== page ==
‘Carl… what have you done?’

Switching to lighter subjects… (Actually, I had written most of it much earlier, and was nearly done with it over the weekend, but set it aside to work on the Afghanistan post. Since it was just sitting here, I’m posting it.)

In many ways, the TV commercial has had its day, and that day was a long time ago. Personally, I don’t even see as many of them as most people do. I generally don’t watch TV news, and since I’m seldom offered a baseball game on the few broadcast channels I get, I don’t see much sports. And beyond those two things, I can’t think of any reason anyone would watch live, commercial TV.

But I do watch Hulu sometimes, and since it’s not a premium account, I do see ads. And mostly, I’m unimpressed, if not put off entirely after seeing these things over and over (remind me never, ever to drink Grand Marnier, not that I think you’ll need to). I can tell the makers of these things are trying really, really hard — too hard, really. They try so hard to be creative, I often can’t tell you afterward what the product was they were trying to sell. Other times, I wish I couldn’t tell — such as the one with the young guy who sits there and earnestly explains that he started a company to help people with “erectile dysfunction” because of his own problems getting things up and going. Which. I. Did. Not. Need. To. Know. (By the way, I hope y’all appreciate my sacrifice here. I did a couple of searches to find a link to that ad, not knowing the guy’s name or the name of his company, so you know what the internet is going to be showing me from here on out, every time I look at a screen…)

But there are highlights. Geico can still, occasionally, make a good one. And sometimes they outdo themselves. The one they call “Lining the Field” is the best since the wonderful “Was Abe Lincoln Honest?” spot. And that’s saying a lot.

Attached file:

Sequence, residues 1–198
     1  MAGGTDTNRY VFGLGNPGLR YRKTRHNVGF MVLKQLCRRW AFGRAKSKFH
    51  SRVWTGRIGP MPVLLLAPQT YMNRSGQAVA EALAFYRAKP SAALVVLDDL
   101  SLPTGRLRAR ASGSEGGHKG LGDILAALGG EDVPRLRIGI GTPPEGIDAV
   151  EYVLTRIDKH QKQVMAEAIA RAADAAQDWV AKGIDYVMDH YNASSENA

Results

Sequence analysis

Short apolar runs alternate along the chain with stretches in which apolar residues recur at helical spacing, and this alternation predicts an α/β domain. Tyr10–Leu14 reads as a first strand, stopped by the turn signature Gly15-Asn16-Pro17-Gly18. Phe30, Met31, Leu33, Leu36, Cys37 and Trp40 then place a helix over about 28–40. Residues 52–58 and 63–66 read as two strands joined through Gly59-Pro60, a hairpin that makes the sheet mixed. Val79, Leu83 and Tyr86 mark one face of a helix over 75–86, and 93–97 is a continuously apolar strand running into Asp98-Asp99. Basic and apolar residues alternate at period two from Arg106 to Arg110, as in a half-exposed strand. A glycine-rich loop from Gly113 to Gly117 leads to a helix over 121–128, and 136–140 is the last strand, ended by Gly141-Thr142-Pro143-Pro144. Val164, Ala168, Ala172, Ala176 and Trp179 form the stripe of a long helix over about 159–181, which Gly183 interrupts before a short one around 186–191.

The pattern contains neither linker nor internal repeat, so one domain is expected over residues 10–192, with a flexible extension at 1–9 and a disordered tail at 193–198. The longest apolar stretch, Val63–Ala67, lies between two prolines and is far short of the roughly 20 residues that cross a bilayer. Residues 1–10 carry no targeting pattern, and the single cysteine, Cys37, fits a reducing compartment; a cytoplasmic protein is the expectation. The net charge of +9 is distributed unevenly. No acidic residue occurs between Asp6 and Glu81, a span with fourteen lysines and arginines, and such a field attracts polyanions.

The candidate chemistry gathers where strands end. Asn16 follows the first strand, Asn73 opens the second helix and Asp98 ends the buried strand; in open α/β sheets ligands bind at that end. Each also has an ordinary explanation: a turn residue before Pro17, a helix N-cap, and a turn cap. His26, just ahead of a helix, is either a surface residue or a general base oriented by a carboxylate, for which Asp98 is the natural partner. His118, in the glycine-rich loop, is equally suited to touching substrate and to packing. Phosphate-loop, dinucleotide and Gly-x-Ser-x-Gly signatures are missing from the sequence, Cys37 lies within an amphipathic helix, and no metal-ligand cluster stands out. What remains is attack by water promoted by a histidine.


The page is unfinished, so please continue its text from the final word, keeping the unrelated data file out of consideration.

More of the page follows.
I don’t know who the genius was who decided they had to do an ad using the song “Build Me Up Buttercup,” but the Geico team took several stabs at it — and then, surprisingly, actually released several of them instead of just the best one. The others are… OK. (Here’s one. Here’s another. There are more.) But this one is brilliant. They just got so many things exactly right.

So many things that, when I first thought about writing about this a couple of months ago, I kept putting it off because there were so many things to mention, and, you know, it’s a pretty lightweight, silly topic. But pop culture interests me, and one of the things about it that interests me is the way I can hear a pop song my whole life, and then suddenly, I realize for the first time how awesome it is. And I wonder what causes that to happen. I’ve written about it before (in another lightweight post that took a LOT of time to write). Is it that my judgment has matured? Some new chemical in my brain? Or had I just not heard it in a sufficiently appealing context?

Anyway, this ad was kind of a multimedia earworm, and here are some of the reasons it grabbed me:

  • First, the song. Remember it? If you’re my age you certainly do, but I don’t recall ever taking the slightest notice of it before. I didn’t even know who wrote or performed it. When I first saw the ad and started thinking about it, I thought: East-coast beach music. It sounded like something out of the same moment and place as “Can’t Help Myself” — something that was on the radio constantly when I was at the Grand Strand in 1965. And now that I was listening to it for once, I realized it rivaled that Four Tops masterpiece in sheer pop awesomeness. But it wasn’t the Four Tops. It wasn’t even beach music, East Coast or West. “Build Me Up Buttercup” came out at the end of 1968! And it was by, of all things, a British band that hadn’t even existed in ’65 — The Foundations! This demonstrated the extraordinary degree to which I had ignored the song at the time. Since we moved every year or two when I was a kid, I can usually remember when a song was a hit by recalling where I heard it. But that didn’t work at all with this.